• Termination value

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    This information may not apply to the current year. Check the content carefully to ensure it is applicable to your circumstances.

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    The termination value is, generally, what you receive or are taken to receive for the asset when a balancing adjustment event occurs. It is made up of amounts you receive and the market value of non-cash benefits (such as goods or services) you receive for the asset.

    The most common example of termination value is the proceeds from selling an asset. The termination value may also be an insurance payout for the loss or destruction of a depreciating asset.

    The termination value is reduced by the GST payable if the balancing adjustment event is a taxable supply. It can be modified by increasing or decreasing adjustments.

    If the termination value is taken to be the market value of the asset (for example, in the case of assets disposed of under a private or domestic arrangement), the market value is reduced by any input tax credit to which you would be entitled had you acquired the asset solely for a creditable purpose.

    An amount is not an assessable recoupment if it is included in the termination value of a depreciating asset - see Recoupment of cost.

    There are special rules to work out the termination value of depreciating assets in certain circumstances. Some of the more common cases are covered below. If you are not sure of the termination value of a depreciating asset, contact the Tax Office or your recognised tax adviser.

    Non-arm's length and private or domestic arrangements

    The termination value of a depreciating asset is its market value just before you stopped holding it where:

    • the termination value would otherwise be less than market value and you did not deal at arm's length with another party to the transaction, or
    • you stopped holding the asset as a result of a private or domestic arrangement (for instance, you gave the asset to a family member).

    Selling a depreciating asset with other property

    If you received an amount for the sale of several items that include a depreciating asset, you need to apportion the amount received between the termination value of the depreciating asset and the other items. The termination value is only that part of what you received that is reasonably attributable to the asset.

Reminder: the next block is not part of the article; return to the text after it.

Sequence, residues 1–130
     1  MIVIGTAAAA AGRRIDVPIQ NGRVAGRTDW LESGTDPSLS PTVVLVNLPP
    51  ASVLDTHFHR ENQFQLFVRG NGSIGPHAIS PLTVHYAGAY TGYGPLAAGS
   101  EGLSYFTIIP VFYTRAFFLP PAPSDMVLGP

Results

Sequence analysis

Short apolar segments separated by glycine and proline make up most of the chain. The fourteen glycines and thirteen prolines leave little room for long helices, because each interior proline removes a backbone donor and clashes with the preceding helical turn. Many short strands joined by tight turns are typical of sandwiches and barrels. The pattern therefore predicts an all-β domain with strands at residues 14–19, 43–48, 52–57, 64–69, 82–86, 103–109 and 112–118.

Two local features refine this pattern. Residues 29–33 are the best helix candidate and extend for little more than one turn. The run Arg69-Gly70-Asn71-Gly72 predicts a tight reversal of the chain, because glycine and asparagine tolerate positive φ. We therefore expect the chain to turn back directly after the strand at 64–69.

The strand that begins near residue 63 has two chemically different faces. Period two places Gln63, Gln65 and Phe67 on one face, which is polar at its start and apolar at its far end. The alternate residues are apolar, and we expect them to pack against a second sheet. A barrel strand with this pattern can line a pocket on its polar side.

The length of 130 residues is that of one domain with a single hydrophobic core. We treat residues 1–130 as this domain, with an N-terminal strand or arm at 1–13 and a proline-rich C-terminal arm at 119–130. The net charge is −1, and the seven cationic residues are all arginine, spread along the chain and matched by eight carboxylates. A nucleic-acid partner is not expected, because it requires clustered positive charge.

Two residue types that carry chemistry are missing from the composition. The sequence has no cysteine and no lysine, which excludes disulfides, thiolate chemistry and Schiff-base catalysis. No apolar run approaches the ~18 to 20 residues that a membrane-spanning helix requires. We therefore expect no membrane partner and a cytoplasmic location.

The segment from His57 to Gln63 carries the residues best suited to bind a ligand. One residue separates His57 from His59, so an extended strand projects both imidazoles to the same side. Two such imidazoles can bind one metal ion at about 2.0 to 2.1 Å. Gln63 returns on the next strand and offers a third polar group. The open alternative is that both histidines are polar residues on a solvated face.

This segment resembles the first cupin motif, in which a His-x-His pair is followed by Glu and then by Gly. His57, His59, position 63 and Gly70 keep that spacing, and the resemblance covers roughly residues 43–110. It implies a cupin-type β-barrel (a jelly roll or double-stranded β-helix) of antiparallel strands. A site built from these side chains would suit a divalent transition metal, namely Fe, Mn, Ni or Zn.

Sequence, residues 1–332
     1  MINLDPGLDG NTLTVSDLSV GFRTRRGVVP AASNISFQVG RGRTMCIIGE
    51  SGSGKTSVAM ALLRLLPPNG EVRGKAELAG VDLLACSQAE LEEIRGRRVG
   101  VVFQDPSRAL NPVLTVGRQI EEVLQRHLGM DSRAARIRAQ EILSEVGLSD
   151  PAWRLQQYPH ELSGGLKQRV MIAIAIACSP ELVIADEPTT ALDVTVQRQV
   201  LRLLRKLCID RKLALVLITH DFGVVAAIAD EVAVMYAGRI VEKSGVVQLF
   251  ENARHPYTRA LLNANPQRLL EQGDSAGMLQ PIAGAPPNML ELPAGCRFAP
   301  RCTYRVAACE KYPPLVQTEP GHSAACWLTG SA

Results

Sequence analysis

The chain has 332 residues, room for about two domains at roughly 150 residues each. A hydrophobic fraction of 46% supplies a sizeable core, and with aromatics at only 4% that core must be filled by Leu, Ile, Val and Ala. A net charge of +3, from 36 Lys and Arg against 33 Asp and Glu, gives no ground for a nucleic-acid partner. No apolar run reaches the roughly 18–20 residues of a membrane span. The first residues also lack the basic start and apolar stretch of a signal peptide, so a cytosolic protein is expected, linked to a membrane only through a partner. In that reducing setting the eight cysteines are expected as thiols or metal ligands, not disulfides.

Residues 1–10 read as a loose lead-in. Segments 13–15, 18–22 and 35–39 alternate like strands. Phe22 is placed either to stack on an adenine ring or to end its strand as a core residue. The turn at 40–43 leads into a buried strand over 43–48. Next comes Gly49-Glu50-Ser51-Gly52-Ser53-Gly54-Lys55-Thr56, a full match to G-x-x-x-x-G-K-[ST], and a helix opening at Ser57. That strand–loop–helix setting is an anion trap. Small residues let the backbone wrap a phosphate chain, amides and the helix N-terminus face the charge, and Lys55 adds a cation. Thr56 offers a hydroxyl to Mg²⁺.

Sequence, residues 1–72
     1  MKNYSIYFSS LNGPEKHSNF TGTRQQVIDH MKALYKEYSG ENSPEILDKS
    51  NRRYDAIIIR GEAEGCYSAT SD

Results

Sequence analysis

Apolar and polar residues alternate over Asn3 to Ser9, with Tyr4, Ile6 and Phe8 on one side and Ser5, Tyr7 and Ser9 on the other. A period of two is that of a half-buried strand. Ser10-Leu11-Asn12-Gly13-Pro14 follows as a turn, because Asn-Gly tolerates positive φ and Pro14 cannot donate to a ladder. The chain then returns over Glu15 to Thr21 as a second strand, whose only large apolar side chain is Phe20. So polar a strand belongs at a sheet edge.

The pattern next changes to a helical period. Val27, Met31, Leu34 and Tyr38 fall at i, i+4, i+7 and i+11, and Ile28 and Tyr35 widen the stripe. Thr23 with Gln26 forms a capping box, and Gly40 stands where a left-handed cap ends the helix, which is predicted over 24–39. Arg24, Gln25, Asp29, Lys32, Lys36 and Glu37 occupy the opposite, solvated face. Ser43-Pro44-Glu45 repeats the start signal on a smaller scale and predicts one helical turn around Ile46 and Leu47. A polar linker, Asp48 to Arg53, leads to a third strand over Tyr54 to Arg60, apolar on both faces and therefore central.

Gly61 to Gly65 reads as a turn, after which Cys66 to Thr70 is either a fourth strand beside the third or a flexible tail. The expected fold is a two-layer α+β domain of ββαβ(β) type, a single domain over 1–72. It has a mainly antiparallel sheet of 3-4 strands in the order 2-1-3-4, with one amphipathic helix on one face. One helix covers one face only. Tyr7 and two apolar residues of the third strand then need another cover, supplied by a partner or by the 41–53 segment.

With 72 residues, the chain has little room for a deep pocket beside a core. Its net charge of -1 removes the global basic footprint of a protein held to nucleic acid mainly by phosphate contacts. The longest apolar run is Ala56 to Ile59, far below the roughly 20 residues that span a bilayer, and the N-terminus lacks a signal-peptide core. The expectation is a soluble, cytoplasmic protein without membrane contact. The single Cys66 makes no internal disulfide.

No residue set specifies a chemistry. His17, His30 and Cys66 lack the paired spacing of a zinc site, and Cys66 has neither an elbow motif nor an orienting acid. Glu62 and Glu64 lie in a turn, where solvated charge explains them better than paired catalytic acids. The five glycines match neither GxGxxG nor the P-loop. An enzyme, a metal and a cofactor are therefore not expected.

The Tax Office generally accepts independent valuations as a basis for this apportionment. However, if there is no independent valuation, you may need to demonstrate that your apportionment of the amount is reasonable. Apportionment on the basis of the market values of the various items for which the amount is received will generally be reasonable.

    Example: Depreciating asset sold with other property - ignoring any GST impact

    Ben receives $100,000 for the sale of both a chainsaw (a depreciating asset) and a block of land (not a depreciating asset). It would be reasonable to apportion the $100,000 between:

    • the termination value of the chainsaw, and
    • the proceeds of sale for the land
     

    based on the relative market values of the chainsaw and the land.

    Depreciating asset you stop using or never use

    The termination value of a unit of in-house software you still hold but stop using and expect never to use again, or decide never to use, is zero - see In-house software.

    For any other asset, if you stop using it and expect never to use it again but still hold it, the termination value is the market value when you stop using it. For a depreciating asset you decide never to use but still hold, the termination value is the market value when you make the decision.

    Death of the holder

    If a person dies and a depreciating asset starts to be held by their legal personal representative (such as the executor of their estate), a balancing adjustment event occurs. The termination value of the asset is its adjustable value on the day they died. If they had allocated the asset to a low-value pool, the termination value is so much of the closing balance of the pool for the income year in which they died that is reasonably attributable to the asset - see Low-value pools for information about a low-value pool.

    If the asset passes directly to a beneficiary of their estate or to a surviving joint tenant, the termination value is the asset's market value on the day they died.

    Last modified: 18 Jul 2006QC 27742